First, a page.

Company Car Today

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Even in a buoyant used car marketplace, taking the time and care to maximise defleet value is important

The used car market is experiencing something of a perfect storm, with the combination of new car supply issues and reduced volumes of used models coming to auction pushing prices up despite the wider pandemic-related economic issues.

“Used car stock is short at the moment and new car supply is also restricted, putting pressure on retailers to find cars to sell,” Cazana director of insight Rupert Pontin tells Company Car Today.
But that doesn’t mean businesses defleeting vehicles can let anything slide in the quest to secure best value for their cars.
“Not making sure that all the parts of the car are with it at the point of collection is a huge mistake,” says Pontin, who adds that pressures caused by the pandemic have meant fewer checks and more cars being defleeted with missing items, such as parcel shelves/covers, service book and handbooks, and even missing charger cables for electric and plug-in hybrid vehicles.
BCA’s UK COO, Stuart Pearson, adds: “With many vehicles now having electronic servicing records, it’s important that access is provided to this information at point of remarketing, as a vehicle without any evidence of history will certainly have its value impacted.”
This is where a good fleet manager can earn their money. “A business must have the car fully inspected and the condition agreed with the user/driver,” says Pontin. “This will enable hassle-free financial claw-backs/charges on the agreed contract condition.”



 V5
 Service history
 Spare key
 Locking wheel nut key
 Parcel shelf


The issue of preparing a vehicle for sale is a tricky one, because you want money spent pre-sale to be recouped in the auction arena.

“Preparing a vehicle correctly at defleet will secure the best possible price, and help it sell more quickly,” says BCA’s Stuart Pearson. “Vendors who offer cars in ready-to-retail condition make their vehicles attractive to the most extensive buyer base and help create demand.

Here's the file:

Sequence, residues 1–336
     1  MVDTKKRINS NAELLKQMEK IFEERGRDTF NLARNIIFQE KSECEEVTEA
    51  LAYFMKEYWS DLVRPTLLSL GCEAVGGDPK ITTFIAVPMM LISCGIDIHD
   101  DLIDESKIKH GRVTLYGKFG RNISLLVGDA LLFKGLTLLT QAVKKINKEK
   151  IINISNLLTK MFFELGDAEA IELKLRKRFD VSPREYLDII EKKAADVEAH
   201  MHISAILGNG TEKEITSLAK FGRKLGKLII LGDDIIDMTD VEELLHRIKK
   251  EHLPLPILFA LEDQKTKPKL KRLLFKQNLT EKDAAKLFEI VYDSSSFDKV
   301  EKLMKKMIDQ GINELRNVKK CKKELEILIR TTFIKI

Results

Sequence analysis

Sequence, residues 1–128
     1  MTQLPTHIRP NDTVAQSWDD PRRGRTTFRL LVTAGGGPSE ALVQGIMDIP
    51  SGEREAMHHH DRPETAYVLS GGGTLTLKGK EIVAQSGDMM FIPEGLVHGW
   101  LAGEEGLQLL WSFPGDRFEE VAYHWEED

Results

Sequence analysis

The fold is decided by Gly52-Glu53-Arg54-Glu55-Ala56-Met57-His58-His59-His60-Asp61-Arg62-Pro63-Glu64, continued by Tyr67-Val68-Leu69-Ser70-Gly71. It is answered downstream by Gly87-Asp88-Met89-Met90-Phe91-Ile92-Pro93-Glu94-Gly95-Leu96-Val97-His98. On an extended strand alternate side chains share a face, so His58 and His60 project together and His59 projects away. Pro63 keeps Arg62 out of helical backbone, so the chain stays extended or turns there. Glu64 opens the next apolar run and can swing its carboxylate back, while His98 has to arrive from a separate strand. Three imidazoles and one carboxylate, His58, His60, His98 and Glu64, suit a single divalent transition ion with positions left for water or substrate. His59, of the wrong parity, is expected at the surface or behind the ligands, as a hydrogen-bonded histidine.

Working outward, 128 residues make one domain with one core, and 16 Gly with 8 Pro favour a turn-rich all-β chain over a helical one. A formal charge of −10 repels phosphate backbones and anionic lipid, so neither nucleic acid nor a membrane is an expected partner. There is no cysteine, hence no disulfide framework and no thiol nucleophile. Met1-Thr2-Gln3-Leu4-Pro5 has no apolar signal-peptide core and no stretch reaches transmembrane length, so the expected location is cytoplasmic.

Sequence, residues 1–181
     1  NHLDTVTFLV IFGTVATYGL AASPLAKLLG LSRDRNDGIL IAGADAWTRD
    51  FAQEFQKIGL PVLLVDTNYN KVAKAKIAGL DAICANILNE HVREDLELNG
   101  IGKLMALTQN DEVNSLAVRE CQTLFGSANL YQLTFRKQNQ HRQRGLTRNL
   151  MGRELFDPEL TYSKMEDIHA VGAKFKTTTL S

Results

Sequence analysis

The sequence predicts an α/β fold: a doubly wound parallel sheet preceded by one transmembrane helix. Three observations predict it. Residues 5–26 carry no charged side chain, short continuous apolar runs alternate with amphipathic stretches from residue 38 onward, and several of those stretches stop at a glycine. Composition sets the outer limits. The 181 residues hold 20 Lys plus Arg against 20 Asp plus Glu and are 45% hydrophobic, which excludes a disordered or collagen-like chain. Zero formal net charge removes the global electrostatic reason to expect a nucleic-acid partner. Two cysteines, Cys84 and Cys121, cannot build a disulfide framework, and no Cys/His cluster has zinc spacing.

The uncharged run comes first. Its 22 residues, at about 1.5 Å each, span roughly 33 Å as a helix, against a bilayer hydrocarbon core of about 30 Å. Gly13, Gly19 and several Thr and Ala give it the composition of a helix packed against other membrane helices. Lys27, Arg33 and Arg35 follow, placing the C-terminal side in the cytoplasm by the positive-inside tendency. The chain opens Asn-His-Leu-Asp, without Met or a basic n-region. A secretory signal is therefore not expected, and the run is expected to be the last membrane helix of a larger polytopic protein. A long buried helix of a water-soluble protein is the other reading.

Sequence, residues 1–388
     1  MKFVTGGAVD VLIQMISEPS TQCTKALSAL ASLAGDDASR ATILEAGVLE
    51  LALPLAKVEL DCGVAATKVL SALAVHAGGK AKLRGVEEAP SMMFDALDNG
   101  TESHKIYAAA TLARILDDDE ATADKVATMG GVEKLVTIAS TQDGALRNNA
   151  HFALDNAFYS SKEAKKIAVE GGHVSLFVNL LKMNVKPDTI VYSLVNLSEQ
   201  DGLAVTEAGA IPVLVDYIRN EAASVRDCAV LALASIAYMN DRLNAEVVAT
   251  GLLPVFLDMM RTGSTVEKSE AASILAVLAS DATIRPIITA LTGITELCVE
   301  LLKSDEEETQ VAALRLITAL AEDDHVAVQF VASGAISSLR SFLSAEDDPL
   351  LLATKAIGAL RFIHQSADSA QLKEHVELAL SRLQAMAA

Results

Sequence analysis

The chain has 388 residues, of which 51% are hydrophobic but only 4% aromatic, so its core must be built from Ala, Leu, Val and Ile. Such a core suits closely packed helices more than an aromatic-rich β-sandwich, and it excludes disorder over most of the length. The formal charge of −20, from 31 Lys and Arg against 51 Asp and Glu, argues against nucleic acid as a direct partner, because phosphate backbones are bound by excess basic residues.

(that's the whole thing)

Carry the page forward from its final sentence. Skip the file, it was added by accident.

“Clearly there is a balance to be struck to optimise the investment in refurbishment against the final sale price, and speed to market and data should be used to drive these decisions,” he continues.

“Smart repair techniques continue to improve and when completed to a high standard, can have a dramatic impact on the condition of a vehicle.”

Cazana’s Rupert Pontin agrees, to a point: “The key is to make the car look as good as possible, reducing the amount of cosmetic work a dealer would need to do to the car, but it’s a decision to be approached with caution.

“With the used market so vibrant, it is difficult to understand the benefit of refurbishing cars to put them into a better NAMA grade condition,” he says. “Taking taking a lightly damaged car to auction will probably have little impact on the sale price.”


BCA’s COO UK Stuart Pearson offers his expertise on how to maximise value when defleeting a car

Stuart-Pearson - MD - BCA UK Remarketing

Stuart Pearson – BCA UK COO Remarketing

 1. Be bang on with the basics.

We talk about the remarketing basics a lot and these haven’t changed in many years. Vehicles that have everything they need for sale demonstrate an appreciable improvement in sales performance. Conversion rates improve, meaning average time to sale is reduced and holding costs are decreased.

2. Specify the spec

Additional specification and paint choice added to a vehicle when new can add significant value when the vehicle changes ownership and becomes a used vehicle. On many modern vehicles, identifying the correct manufacturer colour along with the additional equipment is not always an obvious process and therefore this information becomes crucial at point of remarketing.


3. Ready to go?

It is clear that professional buyers gravitate towards those vehicles that are offered for sale in ready-to-retail condition. It means not just retail-standard presentation and condition, but ensuring vehicles are offered for sale with V5, MoT, service history, spare keys, locking wheelnuts, sat-nav discs and any other items that make a car complete.

4. Realistically valued.

The principal reason that a small number of vehicles don’t sell first time is that there is an unrealistic expectation around the vehicle. This can be as a result of failing to follow the remarketing basics, or not having looked closely at both the cosmetic and mechanical condition.

5. Reassess to remarket.

In the event that a vehicle is unsold, the advice is to review all of the information on the vehicle for accuracy, revalue the vehicle where appropriate using real-time data, invest in any appropriate refurbishment that may have been declined at point of original sale, and push the vehicle into the most appropriate channel as quickly as possible.